Once I had the rough rectangle of meat, I carefully distributed the chard over it. I was honestly a bit surprised that it all fit… don’t worry if you have extra! I then rolled it carefully from one narrow end, and secured it with silicone bands. (No affiliation, I never repped these, I’m sure there are many brands – but these bright, reusable, heat-safe bands are the handiest little things to have! I don’t use them often, but they take little space, and when I do need them, they save me so much time, effort, and fuss.) If you don’t have bands, tie it with kitchen twine, or use skewers.
Now, since I would put this in the slow cooker, I did not mind that the chard was exposed – but if you ever do this for an oven roast, make sure it is fully covered, or it will dry, possibly burn crisp, and be fairly unpleasant…
At this point, you can pop it right into the slow cooker, as I did, or you can cover it and put it overnight in the fridge to marinate. The meat will pick up the flavor of the seasoning, and it is all to the good – and it means this is a handy preprep dish – do this much the evening before, put it in the slow cooker in the morning before work, come home to a slightly fancier dinner… Whenever you prepare it, put it in a slow cooker on low for seven hours.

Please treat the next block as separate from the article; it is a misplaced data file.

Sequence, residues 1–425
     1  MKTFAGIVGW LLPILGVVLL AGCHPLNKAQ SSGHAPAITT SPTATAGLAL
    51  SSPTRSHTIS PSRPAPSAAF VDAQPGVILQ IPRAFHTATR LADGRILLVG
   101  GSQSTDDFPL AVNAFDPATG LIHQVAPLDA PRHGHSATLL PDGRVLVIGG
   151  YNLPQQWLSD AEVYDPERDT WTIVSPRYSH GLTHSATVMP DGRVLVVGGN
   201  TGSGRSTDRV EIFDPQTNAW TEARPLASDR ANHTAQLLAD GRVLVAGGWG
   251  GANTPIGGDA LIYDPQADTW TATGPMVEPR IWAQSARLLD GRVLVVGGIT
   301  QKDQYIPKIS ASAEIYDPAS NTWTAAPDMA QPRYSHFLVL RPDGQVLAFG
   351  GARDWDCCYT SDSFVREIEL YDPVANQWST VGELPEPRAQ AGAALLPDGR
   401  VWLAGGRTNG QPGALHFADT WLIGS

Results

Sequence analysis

When it, and you, are both ready, take it out of the slow cooker and let it rest five to ten minutes, to reabsorb juices (just as you would if taking it out of the oven.) Pull off the silicone bands (or whatever else you used to fasten it) – the cooked meat will hold its shape. Then slice, admire the swirl (or lump, or whatever shape you got) of stuffing, and serve.
It’s really not as fussy as it sounds. It’s even easier if you use leftover cooked greens… I chose chard because I wasn’t going to cook it long, but already simmered kale or other greens would be fine. (Don’t use beet greens, though, because of the color!) It certainly looks – and tastes – as if you put a lot of work into it, though – and we all need a few of those recipes up our sleeves!
Slow cooked stuffed pork loin, with a green swirl of chard and herbs - and easy, decorative recipe even on a hot day.
15 minPrep Time
7 hrCook Time
7 hr, 15 Total Time
- 1 bunch chard (or other tender greens)
- oil for pan
- 1 T minced fresh basil
- 1 T minced fresh oregano
- pinch salt
- 2 lb. pork loin roast
- Chop chard small, removing stems, wash, and dry.
- Heat oil in pan. Saute chard lightly, just until softened slightly, and reduced. Add minced herbs and salt, stir well, and set aside to cool slightly.
- Butterfly the pork roast, and pound it just enough to flatten. Distribute chard mixture over meat, then roll up and secure.
- Cook in a slow cooker on Low for seven hours.
- Let rest ten minutes before slicing and serving.
The roast can be prepared in advance and refrigerated overnight before cooking.